Though Wild Rose Montessori is in a storefront on busy Massachusetts Avenue in North Cambridge, inside the school is almost hushed. Its 14 students, ages 5 to 8, work on their own or in small groups in the one-room space. A teacher exchanges whispers with one student as he identifies trees based on blocks of their wood and pictures. A girl walks between a desk and drawing supplies as she works on a project. Across the room, a few kids are laying out the interior of a house on a pegboard.
To the children, the school is just that. They don’t realize that it represents a rethinking of what a school can be. Wild Rose is one of 10 Wildflower private schools that rent storefronts, which means they can keep costs down and charge less for tuition than many comparable Montessori programs (about $16,000 to $17,000 vs. about $22,000, though numbers vary widely). The schools are also small enough to avoid multiple layers of bureaucracy. The head teacher is the head administrator, which streamlines decision making and keeps the teaching staff accessible to parents.
Wildflower is the brainchild of Sep Kamvar, who couldn’t find the right school for his son and ended up creating one. Kamvar, a former Google executive who now heads the Social Computing Group at MIT’s Media Lab, did some research about early childhood education and decided he wanted nine things in a school, including a neighborhood presence, deep parental involvement, and a Montessori format driven by children’s interests. “I summarize [Montessori] as a philosophy of childhood that sees children not as blank slates needing to be filled up with knowledge but as little people in the process of constructing themselves,” Kamvar says.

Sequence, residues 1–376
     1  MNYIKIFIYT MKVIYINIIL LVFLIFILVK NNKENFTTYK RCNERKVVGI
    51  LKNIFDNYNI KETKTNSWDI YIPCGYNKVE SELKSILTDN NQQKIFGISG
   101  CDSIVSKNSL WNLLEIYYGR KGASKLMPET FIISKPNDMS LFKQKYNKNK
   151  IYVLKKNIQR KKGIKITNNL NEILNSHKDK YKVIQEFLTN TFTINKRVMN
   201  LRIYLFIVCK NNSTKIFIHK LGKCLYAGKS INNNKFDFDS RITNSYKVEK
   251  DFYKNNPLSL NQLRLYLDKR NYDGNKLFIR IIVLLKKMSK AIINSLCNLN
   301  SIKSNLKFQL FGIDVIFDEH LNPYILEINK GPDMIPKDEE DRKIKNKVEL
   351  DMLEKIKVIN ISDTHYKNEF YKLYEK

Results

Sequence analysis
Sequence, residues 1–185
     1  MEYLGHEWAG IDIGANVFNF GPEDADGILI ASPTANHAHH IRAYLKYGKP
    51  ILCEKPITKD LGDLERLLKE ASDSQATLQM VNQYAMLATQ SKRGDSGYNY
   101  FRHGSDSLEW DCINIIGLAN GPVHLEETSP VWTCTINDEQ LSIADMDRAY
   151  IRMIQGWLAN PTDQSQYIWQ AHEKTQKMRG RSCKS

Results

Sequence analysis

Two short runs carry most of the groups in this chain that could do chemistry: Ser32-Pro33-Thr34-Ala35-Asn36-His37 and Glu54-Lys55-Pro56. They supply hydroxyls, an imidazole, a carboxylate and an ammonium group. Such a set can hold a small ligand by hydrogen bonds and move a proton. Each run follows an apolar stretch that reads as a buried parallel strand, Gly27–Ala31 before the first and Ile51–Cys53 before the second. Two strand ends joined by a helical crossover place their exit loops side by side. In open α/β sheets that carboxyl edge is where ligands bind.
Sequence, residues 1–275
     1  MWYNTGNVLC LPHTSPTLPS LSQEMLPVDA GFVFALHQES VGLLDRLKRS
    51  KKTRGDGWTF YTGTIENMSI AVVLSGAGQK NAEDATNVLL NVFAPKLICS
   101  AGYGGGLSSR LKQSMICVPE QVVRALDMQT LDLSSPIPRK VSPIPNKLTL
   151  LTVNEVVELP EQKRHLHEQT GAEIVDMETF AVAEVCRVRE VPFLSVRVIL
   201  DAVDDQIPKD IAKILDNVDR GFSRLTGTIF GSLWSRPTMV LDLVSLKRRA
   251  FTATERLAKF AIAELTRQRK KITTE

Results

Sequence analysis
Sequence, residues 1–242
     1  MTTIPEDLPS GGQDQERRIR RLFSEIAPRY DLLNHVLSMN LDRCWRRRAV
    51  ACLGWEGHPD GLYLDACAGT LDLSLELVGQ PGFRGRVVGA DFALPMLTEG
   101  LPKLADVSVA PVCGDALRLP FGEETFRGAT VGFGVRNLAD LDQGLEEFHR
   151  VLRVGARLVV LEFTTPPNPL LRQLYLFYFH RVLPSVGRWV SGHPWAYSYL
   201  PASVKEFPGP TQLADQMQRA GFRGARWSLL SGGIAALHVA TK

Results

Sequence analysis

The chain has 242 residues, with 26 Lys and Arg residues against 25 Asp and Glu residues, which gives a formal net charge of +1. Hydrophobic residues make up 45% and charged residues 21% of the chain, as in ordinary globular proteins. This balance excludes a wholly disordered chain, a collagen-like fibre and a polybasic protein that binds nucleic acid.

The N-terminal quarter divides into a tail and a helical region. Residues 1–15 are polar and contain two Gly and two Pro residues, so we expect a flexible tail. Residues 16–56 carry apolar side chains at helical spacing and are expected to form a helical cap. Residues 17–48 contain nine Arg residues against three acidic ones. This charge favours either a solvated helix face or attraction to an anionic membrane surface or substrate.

For his son’s school, which opened in January 2014 on Broadway in Cambridge, Kamvar put up the seed money to rent the space and hire Montessori educators Mary Rockett and Katelyn Shore to teach up to 15 kids. As interest grew, so did a waiting list, and finally Kamvar grew tired of telling people they probably wouldn’t get in. He, Rockett, and Shore gathered the materials and software they needed to start their school — then made it all available to anyone for free online, a hallmark of open-source software.
There are now seven private Wildflower schools in Cambridge, one in Arlington, and two more slated to open in Brooklyn, New York, next fall. Demographics vary by neighborhood; some schools are in low-income neighborhoods, others in tonier spots. There are an additional four Wildflower public schools in San Juan.
Kamvar says demand has been far stronger than he thought. He believes the number of schools could double next year. But that’s not up to him. He’s the seed for Wildflower, but one of his nine principles is that each school runs itself and is funded by its founding families, a philanthropist, or even the public school district. Kamvar has set up a foundation to coordinate the school launches, but does not profit from any of them.
“For me, what was important was to create a structure that didn’t require me,” he says. “If there was a structure where I was the boss, it would create a cult of personality rather than a sustainable one.”
10 IDEAS TO TRANSFORM EDUCATION:
Use the pull-down menu below to read more stories from the Globe Magazine special issue.
Send comments to firstname.lastname@example.org.